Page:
The son of an artist whose drawings and paintings will go on display this weekend is hoping a century-old wedding photo may unearth more details about his family's past.

The ‘Conversations of the Common’ exhibition will showcase the work of John E. Rowbottom and will take place at the parish room in St Paul’s Church, Chipperfield Common, on Saturday and Sunday.

John, who was only 34 when he died in 1958, was married in the church and his parents had a summer house in Scatterdells Lane in the village. They also had links with three of Watford’s best-known pubs.

Watford Observer: The family wedding photo showing bridesmaids Marjorie Allen, centre, and Ethel Allen, right.The family wedding photo showing bridesmaids Marjorie Allen, centre, and Ethel Allen, right. (Image: Paul Rowbottom)

John’s mother, Ethel Allen, and her sister Marjorie were bridesmaids in the wedding photo that dates from the early 1900s.

Ethel and Marjorie’s parents, Frederick and Rose Allen, were licensees of the Red Lion, in Vicarage Road, The Oddfellows Arms and the Estcourt Arms.

As a child Ethel was responsible for delivering the previous evening’s takings to the Benskins brewery office – now Watford Museum – on her way to Watford Grammar school every morning.

Ethel’s grandson, Paul Rowbottom, originally thought his great-grandparents lived in the Red Lion until he found the full plate print which showed their address as The Oddfellows Arms, Fearnley Street.

Paul knows there were Allens living in Aynho Street, behind the Red Lion, in the 20th Century and contacted the Watford Observer because he is interested to know if any members of the family recognise any relatives in the wedding photo, or who might be related to Marjorie’s adopted child. This was given up after being born out of wedlock.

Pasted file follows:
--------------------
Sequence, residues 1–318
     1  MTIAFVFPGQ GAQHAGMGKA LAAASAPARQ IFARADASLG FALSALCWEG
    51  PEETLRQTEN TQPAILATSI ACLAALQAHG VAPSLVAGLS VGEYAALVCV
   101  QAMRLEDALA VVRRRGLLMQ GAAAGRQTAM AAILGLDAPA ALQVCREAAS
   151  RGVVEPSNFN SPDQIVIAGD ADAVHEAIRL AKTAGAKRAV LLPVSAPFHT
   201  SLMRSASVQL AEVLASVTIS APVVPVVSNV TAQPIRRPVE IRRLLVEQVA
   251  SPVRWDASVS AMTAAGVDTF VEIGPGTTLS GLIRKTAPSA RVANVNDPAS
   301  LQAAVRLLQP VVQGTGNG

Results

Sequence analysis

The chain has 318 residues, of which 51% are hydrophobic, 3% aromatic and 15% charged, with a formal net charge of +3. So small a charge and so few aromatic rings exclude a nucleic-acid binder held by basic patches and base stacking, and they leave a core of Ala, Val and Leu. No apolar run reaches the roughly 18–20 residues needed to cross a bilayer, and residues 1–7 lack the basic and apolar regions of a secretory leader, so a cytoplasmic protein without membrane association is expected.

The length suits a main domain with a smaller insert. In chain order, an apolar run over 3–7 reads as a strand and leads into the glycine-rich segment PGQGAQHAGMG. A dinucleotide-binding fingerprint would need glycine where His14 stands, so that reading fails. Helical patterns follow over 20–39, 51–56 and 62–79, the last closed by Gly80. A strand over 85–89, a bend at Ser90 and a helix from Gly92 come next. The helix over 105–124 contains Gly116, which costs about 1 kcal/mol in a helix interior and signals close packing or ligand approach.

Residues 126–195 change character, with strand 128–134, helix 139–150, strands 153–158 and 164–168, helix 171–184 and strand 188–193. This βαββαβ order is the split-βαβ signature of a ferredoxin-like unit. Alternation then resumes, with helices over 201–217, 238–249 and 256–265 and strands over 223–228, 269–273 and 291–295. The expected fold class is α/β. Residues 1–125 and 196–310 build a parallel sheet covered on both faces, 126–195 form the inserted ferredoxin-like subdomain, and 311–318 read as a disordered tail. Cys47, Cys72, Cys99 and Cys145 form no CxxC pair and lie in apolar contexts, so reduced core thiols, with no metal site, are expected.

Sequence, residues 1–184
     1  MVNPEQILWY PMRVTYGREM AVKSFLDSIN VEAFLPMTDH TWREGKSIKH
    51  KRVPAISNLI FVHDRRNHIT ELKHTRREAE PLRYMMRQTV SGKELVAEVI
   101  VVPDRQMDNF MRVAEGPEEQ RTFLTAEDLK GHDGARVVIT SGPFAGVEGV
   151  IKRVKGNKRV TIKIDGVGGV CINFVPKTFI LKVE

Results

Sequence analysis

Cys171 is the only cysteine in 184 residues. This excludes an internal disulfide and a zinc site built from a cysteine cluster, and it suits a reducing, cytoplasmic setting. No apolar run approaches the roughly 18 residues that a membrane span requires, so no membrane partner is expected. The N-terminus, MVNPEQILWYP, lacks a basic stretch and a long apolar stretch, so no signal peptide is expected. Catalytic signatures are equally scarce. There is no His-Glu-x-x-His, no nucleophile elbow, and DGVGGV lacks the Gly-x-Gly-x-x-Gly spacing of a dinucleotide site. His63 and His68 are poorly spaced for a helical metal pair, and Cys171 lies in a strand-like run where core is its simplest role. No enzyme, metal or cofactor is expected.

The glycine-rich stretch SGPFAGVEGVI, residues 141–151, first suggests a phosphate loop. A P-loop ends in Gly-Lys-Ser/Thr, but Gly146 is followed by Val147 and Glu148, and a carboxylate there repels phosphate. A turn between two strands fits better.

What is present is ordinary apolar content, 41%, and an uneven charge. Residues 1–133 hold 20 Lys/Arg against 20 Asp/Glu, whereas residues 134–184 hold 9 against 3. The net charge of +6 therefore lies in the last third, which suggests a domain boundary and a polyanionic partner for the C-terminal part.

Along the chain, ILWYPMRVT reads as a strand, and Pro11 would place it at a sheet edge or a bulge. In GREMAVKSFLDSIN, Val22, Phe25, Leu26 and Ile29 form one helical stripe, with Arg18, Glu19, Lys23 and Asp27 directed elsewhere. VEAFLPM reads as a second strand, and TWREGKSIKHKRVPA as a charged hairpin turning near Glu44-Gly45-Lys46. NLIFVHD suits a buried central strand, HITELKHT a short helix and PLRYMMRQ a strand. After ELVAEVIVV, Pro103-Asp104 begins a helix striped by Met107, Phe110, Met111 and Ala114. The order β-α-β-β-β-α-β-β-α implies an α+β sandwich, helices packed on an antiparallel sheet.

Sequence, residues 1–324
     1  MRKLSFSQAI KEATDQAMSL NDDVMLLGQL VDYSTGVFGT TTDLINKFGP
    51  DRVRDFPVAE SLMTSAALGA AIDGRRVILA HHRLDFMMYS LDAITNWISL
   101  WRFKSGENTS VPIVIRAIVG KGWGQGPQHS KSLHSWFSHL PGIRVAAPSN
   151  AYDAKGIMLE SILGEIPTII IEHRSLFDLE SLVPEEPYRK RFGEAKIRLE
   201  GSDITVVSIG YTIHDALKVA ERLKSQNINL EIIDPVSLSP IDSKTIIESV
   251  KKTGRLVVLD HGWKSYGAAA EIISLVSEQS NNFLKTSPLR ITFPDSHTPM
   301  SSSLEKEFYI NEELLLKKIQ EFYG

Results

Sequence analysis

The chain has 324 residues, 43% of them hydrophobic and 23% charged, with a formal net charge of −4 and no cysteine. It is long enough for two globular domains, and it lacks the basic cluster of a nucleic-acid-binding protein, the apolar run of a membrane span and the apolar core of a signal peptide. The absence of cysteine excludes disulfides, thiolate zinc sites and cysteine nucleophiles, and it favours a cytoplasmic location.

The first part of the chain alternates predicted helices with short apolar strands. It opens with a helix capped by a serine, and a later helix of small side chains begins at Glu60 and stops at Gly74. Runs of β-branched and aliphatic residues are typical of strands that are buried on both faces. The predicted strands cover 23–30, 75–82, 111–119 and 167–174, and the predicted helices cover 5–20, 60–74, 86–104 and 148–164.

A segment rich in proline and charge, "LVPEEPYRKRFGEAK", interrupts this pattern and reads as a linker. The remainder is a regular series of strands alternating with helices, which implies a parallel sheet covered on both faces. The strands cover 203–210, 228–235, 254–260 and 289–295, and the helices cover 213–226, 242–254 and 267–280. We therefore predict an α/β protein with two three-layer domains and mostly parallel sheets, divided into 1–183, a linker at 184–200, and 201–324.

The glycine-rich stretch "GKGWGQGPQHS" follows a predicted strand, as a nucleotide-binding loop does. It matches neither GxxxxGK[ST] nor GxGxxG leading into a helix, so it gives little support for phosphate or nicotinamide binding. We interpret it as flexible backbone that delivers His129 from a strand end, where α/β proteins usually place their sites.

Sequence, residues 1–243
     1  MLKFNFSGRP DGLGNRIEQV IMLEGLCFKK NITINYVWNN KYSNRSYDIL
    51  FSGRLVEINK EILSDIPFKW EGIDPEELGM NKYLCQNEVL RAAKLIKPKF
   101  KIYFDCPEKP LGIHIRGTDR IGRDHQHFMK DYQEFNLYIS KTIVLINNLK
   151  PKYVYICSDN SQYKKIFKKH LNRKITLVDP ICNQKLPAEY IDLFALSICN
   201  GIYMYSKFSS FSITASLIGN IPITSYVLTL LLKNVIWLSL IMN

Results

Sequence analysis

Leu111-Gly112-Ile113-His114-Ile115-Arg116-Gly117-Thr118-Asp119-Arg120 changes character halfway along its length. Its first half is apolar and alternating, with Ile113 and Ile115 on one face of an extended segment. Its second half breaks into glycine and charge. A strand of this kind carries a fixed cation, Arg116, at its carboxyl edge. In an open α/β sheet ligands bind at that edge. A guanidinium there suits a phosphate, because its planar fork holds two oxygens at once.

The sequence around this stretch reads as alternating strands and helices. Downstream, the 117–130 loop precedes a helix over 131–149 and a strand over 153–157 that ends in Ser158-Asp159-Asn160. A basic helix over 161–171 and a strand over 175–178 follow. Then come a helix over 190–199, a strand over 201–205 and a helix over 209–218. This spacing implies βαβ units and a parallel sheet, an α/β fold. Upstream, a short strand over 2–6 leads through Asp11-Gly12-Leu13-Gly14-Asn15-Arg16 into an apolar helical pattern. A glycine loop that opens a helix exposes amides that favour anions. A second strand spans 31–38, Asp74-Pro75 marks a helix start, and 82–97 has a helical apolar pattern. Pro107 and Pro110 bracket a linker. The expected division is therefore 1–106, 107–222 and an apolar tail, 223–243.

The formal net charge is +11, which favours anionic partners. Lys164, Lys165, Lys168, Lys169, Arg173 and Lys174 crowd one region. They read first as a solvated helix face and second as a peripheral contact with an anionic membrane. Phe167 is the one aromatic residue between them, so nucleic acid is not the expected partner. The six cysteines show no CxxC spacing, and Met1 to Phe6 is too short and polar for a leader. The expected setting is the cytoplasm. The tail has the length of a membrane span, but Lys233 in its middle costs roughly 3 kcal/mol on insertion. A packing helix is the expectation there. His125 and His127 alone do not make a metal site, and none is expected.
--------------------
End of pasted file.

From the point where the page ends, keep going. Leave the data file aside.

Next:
Watford Observer:

Ethel married builder, craftsman and plumber John Rowbottom and they had one child, John Edward Rowbottom.

Born in 1924, he attended Watford Art School but was persuaded to an apprenticeship at Rembrandt House, Sun Engravers, aged 15.

Two years later, he signed up as a gunner in the Merchant Navy protecting convoys in and around the Mediterranean, sustaining a serious injury while in Malta.

After the war, John completed his apprenticeship as a colour retoucher at Sun Engravers. He then worked at the Amalgamated Press in Blackfriars until his death in 1958, age 34.

Paul explained: “His parents had a summer house in Scatterdells Lane, Chipperfield, and I understand that he may have courted my mother at the ‘Cart & Horses’ when she was visiting her brother; then living in Scatterdells Lane. Legend has it that some of my father's paintings may have been exchanged for victuals in the same pub.

“My parents married at St Paul’s Church, Chipperfield, and commuted to London from Scatterdells Lane at the beginning of their life together until settling in North London.

“He exhibited with the London art societies regularly, however it is unlikely that his work has been seen in a public venue since 1958.

“My motivation for staging an exhibition featuring his work is that I found a number of unframed paintings and drawings that I wanted to be seen together with the works we grew up with in the family home.

“The exhibition is essentially a celebration and tribute to his talent as an artist, and the opportunity to show his work at St Paul’s Church, Parish room, is a fitting venue considering his youthful life and association with Chipperfield.

“Additionally, with both parents now deceased it seemed a positive thing, having discovered new information about his side of the Allen and Rowbottom families in and around Watford.”

‘Conversations on the Common’ is open at St Paul’s parish room from 10am to 5pm, Saturday and Sunday. Admission is free.

Anyone with information about the Allen or Rowbottom families can contact Paul at